HUD’s Proposed AFFH Rule Would Set Back Years of Progress

The Affirmatively Furthering Fair Housing (AFFH) Rule was created in 2015 as a promising new rule under the Fair Housing Act (FHA) to increase local accountability with affordable housing funds. However, earlier this year, the U.S. Department of Housing and Urban Development (HUD) proposed a new AFFH rule that would reverse years of progress by no longer enforcing meaningful community participation in the fair housing planning process. It would skirt substantive goals in the previous rule that addressed segregation, poverty and discrimination, and it would eliminate accountability for local cities, counties and states in their obligations to AFFH.

Most Americans were not taught in school that it was legalized racism that ensured people of color could not buy homes in quality neighborhoods in the United States. Most Americans are unaware that federal, state and local laws intentionally prevented people of color from buying homes – homes that were made readily available and affordable for White people. 

As suburbs were built in the 1940’s, discrimination and racism in housing was legal. Only White families were legally allowed to purchase these new suburban homes with lucrative mortgages that nearly always resulted in instant equity. White homeowners enjoyed new, beautiful neighborhoods, good schools, solid infrastructure, thriving businesses and the ability to build generational wealth through the gains made from purchasing a home. Black families were purposely cordoned off from these suburbs and restricted to neighborhoods with inadequate infrastructure, undersupported schools, struggling businesses and a lack of access to living wages, fresh food, clean water and banking services. Subsequently, people of color could not build the generational wealth that millions of White Americans now enjoy from their grandparents’ accessibility to homeownership in well-financed neighborhoods.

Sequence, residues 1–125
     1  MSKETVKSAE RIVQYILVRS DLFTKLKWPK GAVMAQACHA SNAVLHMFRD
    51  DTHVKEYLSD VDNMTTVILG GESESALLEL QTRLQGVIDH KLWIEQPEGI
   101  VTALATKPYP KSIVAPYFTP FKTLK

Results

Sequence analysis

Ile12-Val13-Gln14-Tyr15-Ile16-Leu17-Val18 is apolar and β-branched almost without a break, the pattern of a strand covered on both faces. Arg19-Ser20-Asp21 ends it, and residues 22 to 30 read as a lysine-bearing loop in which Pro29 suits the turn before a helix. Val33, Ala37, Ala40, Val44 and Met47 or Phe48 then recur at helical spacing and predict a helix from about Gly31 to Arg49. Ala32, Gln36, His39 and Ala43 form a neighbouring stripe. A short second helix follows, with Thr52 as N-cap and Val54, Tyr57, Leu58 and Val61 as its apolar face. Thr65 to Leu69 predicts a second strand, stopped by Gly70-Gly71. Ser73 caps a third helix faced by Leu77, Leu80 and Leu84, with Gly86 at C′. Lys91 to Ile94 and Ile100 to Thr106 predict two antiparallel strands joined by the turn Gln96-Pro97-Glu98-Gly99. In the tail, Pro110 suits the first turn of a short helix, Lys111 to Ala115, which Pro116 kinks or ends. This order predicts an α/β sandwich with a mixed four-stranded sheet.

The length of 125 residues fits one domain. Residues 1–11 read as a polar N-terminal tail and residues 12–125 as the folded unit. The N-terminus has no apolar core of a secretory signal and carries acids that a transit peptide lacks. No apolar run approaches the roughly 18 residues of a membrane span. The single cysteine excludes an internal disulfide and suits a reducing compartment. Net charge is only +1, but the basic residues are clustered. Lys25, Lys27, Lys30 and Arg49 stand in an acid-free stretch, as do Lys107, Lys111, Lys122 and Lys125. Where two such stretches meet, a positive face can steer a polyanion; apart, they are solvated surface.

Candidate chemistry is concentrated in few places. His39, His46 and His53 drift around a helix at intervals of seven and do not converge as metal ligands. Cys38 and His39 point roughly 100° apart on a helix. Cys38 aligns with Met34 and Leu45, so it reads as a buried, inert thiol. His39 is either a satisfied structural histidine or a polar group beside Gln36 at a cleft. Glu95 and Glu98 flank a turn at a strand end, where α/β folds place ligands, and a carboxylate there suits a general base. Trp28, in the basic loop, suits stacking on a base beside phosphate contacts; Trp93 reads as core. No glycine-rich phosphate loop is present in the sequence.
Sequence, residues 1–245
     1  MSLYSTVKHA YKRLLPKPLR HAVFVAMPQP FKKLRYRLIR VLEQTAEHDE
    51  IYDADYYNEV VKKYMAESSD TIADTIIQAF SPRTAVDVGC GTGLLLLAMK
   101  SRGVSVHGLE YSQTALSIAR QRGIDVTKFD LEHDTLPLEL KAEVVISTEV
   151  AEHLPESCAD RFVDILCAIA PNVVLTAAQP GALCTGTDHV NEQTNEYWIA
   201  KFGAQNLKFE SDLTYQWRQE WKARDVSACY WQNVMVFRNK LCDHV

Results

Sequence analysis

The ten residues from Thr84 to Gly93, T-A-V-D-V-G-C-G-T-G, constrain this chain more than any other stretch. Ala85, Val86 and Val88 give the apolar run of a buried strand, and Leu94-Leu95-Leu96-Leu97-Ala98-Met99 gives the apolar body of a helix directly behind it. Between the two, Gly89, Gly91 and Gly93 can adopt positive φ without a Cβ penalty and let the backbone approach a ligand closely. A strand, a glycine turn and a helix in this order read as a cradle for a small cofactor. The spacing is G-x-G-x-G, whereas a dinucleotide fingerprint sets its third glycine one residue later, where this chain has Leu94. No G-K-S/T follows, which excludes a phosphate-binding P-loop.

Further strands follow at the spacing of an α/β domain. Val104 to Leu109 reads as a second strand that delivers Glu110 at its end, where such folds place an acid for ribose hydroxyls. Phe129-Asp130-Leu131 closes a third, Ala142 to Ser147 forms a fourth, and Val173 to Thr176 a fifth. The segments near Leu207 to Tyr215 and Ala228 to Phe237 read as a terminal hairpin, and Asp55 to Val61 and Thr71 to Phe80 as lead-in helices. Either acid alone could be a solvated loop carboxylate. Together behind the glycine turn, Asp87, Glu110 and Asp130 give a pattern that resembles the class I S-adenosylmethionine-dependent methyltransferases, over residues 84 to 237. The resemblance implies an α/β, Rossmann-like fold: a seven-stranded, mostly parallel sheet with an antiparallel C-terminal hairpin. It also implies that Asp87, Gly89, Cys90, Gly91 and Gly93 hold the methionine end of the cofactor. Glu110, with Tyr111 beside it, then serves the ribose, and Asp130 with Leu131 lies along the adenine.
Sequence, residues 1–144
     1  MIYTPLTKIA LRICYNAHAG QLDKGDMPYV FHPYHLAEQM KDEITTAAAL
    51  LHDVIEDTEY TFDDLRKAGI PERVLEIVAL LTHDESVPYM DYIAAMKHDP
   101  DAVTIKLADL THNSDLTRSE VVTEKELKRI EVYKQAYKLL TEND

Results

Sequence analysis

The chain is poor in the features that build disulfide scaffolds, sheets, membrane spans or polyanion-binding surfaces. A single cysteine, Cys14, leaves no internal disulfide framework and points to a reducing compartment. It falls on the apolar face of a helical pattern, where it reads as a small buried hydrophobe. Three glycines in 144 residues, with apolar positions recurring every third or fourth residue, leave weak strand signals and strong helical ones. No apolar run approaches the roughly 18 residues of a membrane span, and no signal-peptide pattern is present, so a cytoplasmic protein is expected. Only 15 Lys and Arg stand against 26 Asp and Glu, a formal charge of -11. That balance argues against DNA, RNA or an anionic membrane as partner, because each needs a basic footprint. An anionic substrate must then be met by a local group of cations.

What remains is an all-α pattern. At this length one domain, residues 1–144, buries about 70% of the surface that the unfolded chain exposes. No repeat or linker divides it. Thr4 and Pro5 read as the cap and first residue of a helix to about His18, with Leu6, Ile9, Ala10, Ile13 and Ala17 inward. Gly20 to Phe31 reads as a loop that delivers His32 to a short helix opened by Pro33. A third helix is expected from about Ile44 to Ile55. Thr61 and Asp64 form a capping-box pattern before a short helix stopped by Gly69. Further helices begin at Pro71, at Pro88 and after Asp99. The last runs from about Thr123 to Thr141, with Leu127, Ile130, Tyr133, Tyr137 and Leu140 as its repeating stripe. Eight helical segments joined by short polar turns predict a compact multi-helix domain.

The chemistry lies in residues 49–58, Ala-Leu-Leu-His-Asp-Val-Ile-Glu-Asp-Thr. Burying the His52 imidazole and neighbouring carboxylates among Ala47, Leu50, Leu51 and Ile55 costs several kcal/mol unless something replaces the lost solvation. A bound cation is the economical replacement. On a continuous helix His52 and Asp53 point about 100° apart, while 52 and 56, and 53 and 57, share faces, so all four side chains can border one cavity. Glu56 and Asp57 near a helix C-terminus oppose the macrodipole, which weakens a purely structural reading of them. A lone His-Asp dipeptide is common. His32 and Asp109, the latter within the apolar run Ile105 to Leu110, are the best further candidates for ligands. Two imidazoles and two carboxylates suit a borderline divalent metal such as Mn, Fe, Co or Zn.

The murder of Martin Luther King, Jr., in April 1968, coupled with frustrations from poverty and injustice, resulted in protests and fires breaking out in poor neighborhoods and cities across the country. FHA passed seven days later, and housing discrimination based on race, color, national origin, religion and gender became illegal. Later, familial status and disability were added for a total of seven protected classes. FHA was purposefully race-conscious. It recognized that intentional, legal segregation deeply harmed communities of color and required all federal agencies, their contractors and grantees “affirmatively further fair housing” to rectify the harm imposed upon people of color and other protected classes.  

Combatting the harmful effects of discrimination and segregation is at the heart of the AFFH obligation within the Fair Housing Act. The 2015 AFFH rule furthered this mission directly by requiring participating programs to submit an assessment of fair housing (AFH) that explicitly addressed AFFH for the seven protected classes under FHA. The idea was to not only stop discrimination and harm to those in segregated, poor communities but to actively and affirmatively invest in people of color and their homes.

However, the new rule proposal would remove the requirement for programs to submit an AFH even though HUD does not currently require programs to address discrimination against protected classes in other required housing and community development plans.

The AFH was the main mechanism communities had to ensure the local allocations of federal funding from HUD, like Community Development Block Grant (CDBG) dollars, actually go to the people and places that are harmed by discrimination and injustice. Until the AFFH Rule was promulgated in 2015,, most communities did not have a meaningful fair housing planning process. Often, the HUD funding and CDBG dollars intended for poor, segregated communities were instead used to make thriving White communities even better without many consequences. The new rule proposal would return to such a state by removing the obligation of programs to give the public broad opportunities to involve themselves in the development of an AFH and consult with constituent organizations that represent members of protected classes.